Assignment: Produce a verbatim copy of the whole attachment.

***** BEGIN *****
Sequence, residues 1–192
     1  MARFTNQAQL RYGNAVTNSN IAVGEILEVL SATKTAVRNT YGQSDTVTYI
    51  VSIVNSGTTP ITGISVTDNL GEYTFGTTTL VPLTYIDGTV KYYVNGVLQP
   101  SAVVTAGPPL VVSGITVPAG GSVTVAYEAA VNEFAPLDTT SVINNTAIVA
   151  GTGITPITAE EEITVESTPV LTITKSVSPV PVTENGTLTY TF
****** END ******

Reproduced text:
Sequence, residues 1–192
     1  MARFTNQAQL RYGNAVTNSN IAVGEILEVL SATKTAVRNT YGQSDTVTYI
    51  VSIVNSGTTP ITGISVTDNL GEYTFGTTTL VPLTYIDGTV KYYVNGVLQP
   101  SAVVTAGPPL VVSGITVPAG GSVTVAYEAA VNEFAPLDTT SVINNTAIVA
   151  GTGITPITAE EEITVESTPV LTITKSVSPV PVTENGTLTY TF